Brain & Behavior Research Foundation Receives $8 Million Bequest from Philanthropist and Mental Health Advocate Stephen Lieber
Donation caps decades of financial support by the Liebers for mental health research
NEW YORK, January 12, 2021 – The Brain & Behavior Research Foundation today announced that is has received a bequest of $8 million from the noted philanthropist and mental health advocate Stephen Lieber. The Foundation is the world’s largest private funder of mental health research grants, and this gift will be used to expand its support for research that is transforming the lives of people living with mental illness.
Mr. Lieber, who died in 2020, and his wife Connie, who died in 2016, made a lifetime commitment to advancing scientific research on the brain and mental health with the goal of reducing human suffering caused by severe psychiatric disorders. Their efforts have launched thousands of careers in mental illness research, including support to leading scientists at renowned institutions around the world, that has led to countless discoveries in the field of biological psychiatry and related patient services. In fact, the vast majority of major scientific investigators studying the brain and human behavior have received Lieber philanthropic support.
The Lieber Prize for Outstanding Achievement in Schizophrenia Research is one of the most coveted prizes in the field. To date, two Lieber Prize winners have gone on to win Nobel Prizes.
“Steve and Connie were leading public advocates and philanthropic supporters of schizophrenia, depression, and mental health research in the U.S. and around the globe,” said Herbert Pardes, M.D., President of the Brain & Behavior Research Foundation’s Scientific Council and Executive Vice Chair of the Board of Trustees of NewYork-Presbyterian Hospital. “They were an amazing couple and remarkable in every way.”
In the mid-1980s, Dr. Pardes introduced the couple to the organization that became the Brain & Behavior Research Foundation (BBRF), which they joined in 1987 and which Connie led as president until 2007, and Steve served as Chairman of the Board from 2008 until his death.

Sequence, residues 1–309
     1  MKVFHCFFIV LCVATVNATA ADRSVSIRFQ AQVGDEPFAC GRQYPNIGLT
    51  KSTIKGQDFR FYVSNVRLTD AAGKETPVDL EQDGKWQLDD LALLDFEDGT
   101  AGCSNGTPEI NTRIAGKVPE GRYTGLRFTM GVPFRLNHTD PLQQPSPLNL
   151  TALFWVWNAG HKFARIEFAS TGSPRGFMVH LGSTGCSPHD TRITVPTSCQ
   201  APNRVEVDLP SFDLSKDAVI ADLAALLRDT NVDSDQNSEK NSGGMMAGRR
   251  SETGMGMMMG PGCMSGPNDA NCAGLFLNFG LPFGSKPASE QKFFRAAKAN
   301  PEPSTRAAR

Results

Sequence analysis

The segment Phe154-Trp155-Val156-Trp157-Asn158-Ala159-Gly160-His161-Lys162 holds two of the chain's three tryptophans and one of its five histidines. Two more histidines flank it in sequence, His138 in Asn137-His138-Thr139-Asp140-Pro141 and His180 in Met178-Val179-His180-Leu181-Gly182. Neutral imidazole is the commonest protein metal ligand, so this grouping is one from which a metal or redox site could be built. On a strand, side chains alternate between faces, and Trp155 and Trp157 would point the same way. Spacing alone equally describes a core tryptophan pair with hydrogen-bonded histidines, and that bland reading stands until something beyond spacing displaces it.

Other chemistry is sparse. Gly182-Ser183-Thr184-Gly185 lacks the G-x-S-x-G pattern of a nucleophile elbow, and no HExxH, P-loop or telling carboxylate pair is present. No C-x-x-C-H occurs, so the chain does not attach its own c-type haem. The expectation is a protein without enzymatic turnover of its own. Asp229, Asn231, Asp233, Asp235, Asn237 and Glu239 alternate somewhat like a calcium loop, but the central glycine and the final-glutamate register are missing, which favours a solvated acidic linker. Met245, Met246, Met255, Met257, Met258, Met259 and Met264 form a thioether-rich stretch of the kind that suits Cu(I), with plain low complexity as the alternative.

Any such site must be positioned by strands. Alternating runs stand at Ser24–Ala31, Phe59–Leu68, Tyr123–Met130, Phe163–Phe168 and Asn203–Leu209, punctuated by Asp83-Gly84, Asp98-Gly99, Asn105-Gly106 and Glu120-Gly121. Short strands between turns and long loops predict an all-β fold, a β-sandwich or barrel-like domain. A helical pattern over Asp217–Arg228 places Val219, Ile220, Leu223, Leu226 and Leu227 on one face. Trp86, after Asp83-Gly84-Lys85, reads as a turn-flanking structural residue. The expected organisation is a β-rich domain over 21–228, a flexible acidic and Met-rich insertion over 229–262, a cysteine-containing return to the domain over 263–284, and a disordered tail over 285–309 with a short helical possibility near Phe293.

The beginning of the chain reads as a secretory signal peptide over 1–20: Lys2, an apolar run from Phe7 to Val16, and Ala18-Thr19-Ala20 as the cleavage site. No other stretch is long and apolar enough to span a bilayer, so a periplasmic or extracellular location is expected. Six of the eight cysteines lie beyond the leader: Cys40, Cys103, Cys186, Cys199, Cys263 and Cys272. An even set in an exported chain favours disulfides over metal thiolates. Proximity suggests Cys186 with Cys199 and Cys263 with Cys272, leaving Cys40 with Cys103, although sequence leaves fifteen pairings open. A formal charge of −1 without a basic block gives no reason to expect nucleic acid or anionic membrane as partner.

“Our meeting more than 30 years ago resulted in a major step forward in the global effort to treat and cure psychiatric disease,” Dr. Pardes noted. “With Connie and Steve’s support, the Brain & Behavior Research Foundation developed a uniquely warm, understanding and empathic approach to the patients, families and investigators of the broad mental health community. We are incredibly grateful for this latest contribution and the noble leadership – and friendship – of the Liebers over many decades.”
“This significant donation is especially welcomed at a time when the stresses of COVID-19 have further highlighted the need for greater attention to mental health,” noted Dr. Jeffrey Borenstein, President & CEO of the Brain & Behavior Research Foundation. “Steve was a deeply passionate and visionary philanthropist, and along with his late wife Connie, had a tremendous impact on psychiatric research and treatment. For more than a quarter of a century, Steve and Connie served as extraordinary philanthropic supporters and leading public advocates of brain and behavior research. They provided unwavering support to unravel the mysteries of the brain, and to better understand and treat mental illness. Together, they mobilized every resource imaginable to fund cutting-edge research and educate the public, tirelessly working to grow the BBRF grant program. Their generosity in supporting research on mental illness is a great model for all of us.”
In 2014, Steve and Connie Lieber were honored by the American Psychiatric Association with a Special Presidential Commendation for their “unwavering moral and material support to unravel the mysteries of the brain, and to better understand and treat mental illness.” Also, in 2014, the Liebers created the Pardes Humanitarian Prize in Mental Health to honor those scientists and humanitarians who comprehensively care, teach, investigate, work, and passionately advocate for improving the mental health of society and reducing the pain of psychiatric illness.
In addition to their work with BBRF and many other mental health institutions, the Liebers founded two centers of excellence at Columbia University – the Lieber Recovery and Rehabilitation Clinic and the Lieber Center for Schizophrenia Research and Treatment, as well as the Lieber Institute for Brain Development at Johns Hopkins University. Steve Lieber, who was an investment executive for 70 years, also endowed the neuroscience department at his alma mater, Williams College.
The Brain & Behavior Research Foundation
The Brain & Behavior Research Foundation awards research grants to develop improved treatments, cures, and methods of prevention for mental illness. These illnesses include addiction, ADHD, anxiety, autism, bipolar disorder, borderline personality disorder, depression, eating disorders, OCD, PTSD, and schizophrenia, as well as research on suicide prevention. Since 1987, the Foundation has awarded more than $418 million to fund more than 6,000 leading scientists around the world, which has led to over $4 billion in additional funding. 100% of every dollar donated for research is invested in research. BBRF operating expenses are covered by separate foundation grants. BBRF is the producer of the Emmy® nominated public television series Healthy Minds with Dr. Jeffrey Borenstein, which aims to remove the stigma of mental illness and demonstrate that with help, there is hope.
The Brain & Behavior Research Foundation
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